Are pension fund trustees at risk of legal action following UK gilts’ meltdown?
The value of pension funds utilising liability-driven investing fell dramatically following the rise in UK gilt yields
To minimise the risk of legal action, trustees should review their current market positions and ensure that they can react quickly to market changes
Rachael Healey, Partner at RPC, the international law firm, says: “Trustees of pension funds that had to unwind positions and suffered losses or did not react appropriately to instability in the gilt market, could find themselves in the line of fire.”
“Trustees are ultimately responsible for the scheme’s investment decisions. If they fail to review the investment position of a scheme or revisit their deficit reduction plans, then they could find themselves facing legal action.”
In response to the volatility, the Pensions Regulator reaffirmed that trustees and advisors should monitor the resilience of their investments, risk management practices and funding arrangements.
RPC says actuaries also need to be aware of the risks that LDI strategies can pose. They are responsible for establishing the investment principles of a pension scheme and should review all investments following market volatility. Actuaries offering fiduciary management services (broadly monitoring investment managers) should also be reviewing their respective positions.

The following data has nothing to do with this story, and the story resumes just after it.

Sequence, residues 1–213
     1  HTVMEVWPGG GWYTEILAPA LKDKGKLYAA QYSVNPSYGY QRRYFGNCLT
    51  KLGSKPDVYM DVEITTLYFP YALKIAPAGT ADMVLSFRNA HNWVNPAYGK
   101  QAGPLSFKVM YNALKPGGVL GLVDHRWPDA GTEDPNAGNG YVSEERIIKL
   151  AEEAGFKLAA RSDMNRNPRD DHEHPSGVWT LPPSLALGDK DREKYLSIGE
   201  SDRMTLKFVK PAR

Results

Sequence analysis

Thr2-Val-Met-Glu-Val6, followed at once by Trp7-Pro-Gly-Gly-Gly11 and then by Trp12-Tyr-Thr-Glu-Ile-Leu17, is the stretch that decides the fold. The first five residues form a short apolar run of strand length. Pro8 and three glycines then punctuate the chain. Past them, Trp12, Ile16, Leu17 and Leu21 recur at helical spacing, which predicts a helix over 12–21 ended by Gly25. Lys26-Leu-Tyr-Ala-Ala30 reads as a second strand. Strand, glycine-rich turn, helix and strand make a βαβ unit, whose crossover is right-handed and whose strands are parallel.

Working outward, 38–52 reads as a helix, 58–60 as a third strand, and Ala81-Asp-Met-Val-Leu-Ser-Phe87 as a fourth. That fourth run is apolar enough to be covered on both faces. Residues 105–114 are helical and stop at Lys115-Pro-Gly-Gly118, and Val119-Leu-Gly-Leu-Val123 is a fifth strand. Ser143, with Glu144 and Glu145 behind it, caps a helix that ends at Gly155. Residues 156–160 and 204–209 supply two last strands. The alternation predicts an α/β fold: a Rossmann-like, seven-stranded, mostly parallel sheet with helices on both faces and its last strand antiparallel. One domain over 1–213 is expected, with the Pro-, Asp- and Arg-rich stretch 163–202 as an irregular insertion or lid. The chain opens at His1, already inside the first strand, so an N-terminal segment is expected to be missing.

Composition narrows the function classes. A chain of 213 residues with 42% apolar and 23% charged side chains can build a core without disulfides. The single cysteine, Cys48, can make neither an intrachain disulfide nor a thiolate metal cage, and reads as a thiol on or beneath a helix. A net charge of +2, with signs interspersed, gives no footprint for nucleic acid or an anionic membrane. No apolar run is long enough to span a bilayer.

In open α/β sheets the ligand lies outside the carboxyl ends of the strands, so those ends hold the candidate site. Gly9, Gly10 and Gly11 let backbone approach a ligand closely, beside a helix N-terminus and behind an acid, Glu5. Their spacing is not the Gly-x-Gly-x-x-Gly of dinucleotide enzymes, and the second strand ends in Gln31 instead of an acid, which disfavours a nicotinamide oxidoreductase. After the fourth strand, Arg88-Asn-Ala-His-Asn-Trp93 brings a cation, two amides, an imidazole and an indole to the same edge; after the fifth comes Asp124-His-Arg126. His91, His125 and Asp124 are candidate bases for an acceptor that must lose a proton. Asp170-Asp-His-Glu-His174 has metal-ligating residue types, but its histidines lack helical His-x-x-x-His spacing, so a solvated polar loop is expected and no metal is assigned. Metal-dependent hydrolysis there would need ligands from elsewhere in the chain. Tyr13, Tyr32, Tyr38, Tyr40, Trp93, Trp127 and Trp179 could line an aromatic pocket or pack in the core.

Rachael Healey adds: “Trustees and actuaries need to ensure they are well-placed to react to market volatility. While not all market moves are foreseeable, trustees and actuaries should have plans in place to react appropriately to market falls and implement solid risk management practices to limit losses in pension value.”
Liability-driven investing is intended to manage exposure to inflation and interest rate risk, so that the value of scheme assets fluctuate with the value of scheme liabilities to stabilise the funding level. However, when UK gilt yields spiked, schemes had to recapitalise their hedges to cover their positions after margin calls.
If the pension scheme does not have enough available cash, they would have to sell other assets, resulting in realised losses from the sale of UK gilts.
RPC points out another issue pension funds are having to face is the sale of more illiquid assets, such as stakes in private equity funds, which they may have to do at discounts to their asset values. Although overall schemes are better funded as a result of increases in gilt yields, there will be an assessment of whether schemes had sufficient liquidity and were over leveraged (i.e. over exposed to LDI) resulting in a fire sale of assets to meet collateral calls (and selling assets at a discount/loss as a result). This may well result in employers (who will be responsible to make up any scheme deficit) questioning the investment decisions made by trustees (and trustees in turn, actuaries and investment managers).